Submitted by: Dawn Fortune & Jill Lambden, Team Members of Alberta Health Services’ School Health & Wellness Promotion Team, with support from the AHS Provincial Tobacco Reduction Program
Vaping is a hot topic these days. Sometimes it seems like everywhere you look, there’s a new story about vaping rates, vaping-related illness, or vaping-related policy changes.
Like many concerned adults, teachers are trying to understand the ins-and-outs of vaping trends, especially when it comes to their students.
Read on to learn more about what you can do to boost your knowledge and skills for quality conversations about vaping – with your students, their families, and others in the school community.
What is vaping, anyway?
Vaping is the act of inhaling and exhaling an aerosol produced by a vaping device. Common names for vaping devices include: e-hookahs, electronic or e-cigarettes, electronic nicotine delivery systems (ENDS), vape pens, or vapes. Vaping devices have a battery, a reservoir to hold a liquid solution, a heating element, and a mouthpiece. The heating element heats the liquid solution into vapors, which then condense into aerosols and are inhaled through the mouthpiece.
What’s in the vaping liquid?
It is hard to know what exactly is in vaping solution (often called e-juice or e-liquid) – Health Canada is still working toward labeling regulations. The liquid solution varies in composition but is usually propylene glycol and/or vegetable glycerin based, combined with flavor. E-liquid may also contain nicotine, varying from low levels to more than what is found in a typical cigarette.
Is vaping dangerous?
Vaping increases a person’s exposure to chemicals that have health risks. E-cigarettes are a relatively new product and more research is needed in order to learn about the risks. Given what we do know so far, the Government of Canada recommends that non-smokers, people who are pregnant, and young people should not vape.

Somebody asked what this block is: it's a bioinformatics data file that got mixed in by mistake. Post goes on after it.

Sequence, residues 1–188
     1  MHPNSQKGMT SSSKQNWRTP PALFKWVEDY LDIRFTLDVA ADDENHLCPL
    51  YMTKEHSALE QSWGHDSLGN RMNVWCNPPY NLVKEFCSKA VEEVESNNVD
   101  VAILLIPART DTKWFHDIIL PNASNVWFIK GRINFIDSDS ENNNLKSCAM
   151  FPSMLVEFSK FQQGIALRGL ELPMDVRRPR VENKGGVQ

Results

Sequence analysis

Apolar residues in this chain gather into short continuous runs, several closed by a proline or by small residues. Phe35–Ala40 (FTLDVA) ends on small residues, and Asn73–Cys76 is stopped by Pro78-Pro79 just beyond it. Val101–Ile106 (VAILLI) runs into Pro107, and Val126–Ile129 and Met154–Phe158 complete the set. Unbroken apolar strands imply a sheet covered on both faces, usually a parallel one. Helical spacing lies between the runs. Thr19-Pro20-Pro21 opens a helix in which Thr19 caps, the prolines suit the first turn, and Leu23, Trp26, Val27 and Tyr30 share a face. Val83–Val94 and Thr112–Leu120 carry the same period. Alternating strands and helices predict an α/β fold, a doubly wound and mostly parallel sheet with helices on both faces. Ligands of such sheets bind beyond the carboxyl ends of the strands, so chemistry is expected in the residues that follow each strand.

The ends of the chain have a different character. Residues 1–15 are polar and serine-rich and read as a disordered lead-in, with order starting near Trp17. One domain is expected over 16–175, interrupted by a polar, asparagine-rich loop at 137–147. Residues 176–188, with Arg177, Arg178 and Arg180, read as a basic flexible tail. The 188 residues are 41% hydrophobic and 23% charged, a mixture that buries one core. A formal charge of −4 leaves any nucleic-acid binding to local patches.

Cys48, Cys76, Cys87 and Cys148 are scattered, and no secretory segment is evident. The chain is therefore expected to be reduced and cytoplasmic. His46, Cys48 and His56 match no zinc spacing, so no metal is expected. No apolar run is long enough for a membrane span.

As a teacher, what can I do about students’ vaping?
As an educator, what you do matters. Here are some ways you can be involved:
· Share information about vaping that is science-based and credible. Great classroom resources can be found on AlbertaQuits.caSeeing through the vape, an online learning module for teachers, can help build your own background knowledge about vaping.
· Talk to students about vaping in a supportive and non-judgmental way. Talking with your teen about vaping: A tip sheet for parents available in both French and English, offers helpful advice to get the conversation going.
· Help students build social emotional skills so they’re better able to make decisions, resist peer influence, and achieve their goals. CASEL is the perfect place to learn more.
· Help students who are already vaping to find support to quit. Students can access the AHS Addiction Help Line, a free, confidential service from AHS. You can also contact your local AHS Addiction and Mental Health Office to find out what other supports are available in your community. Check out our list of services by AHS zone here.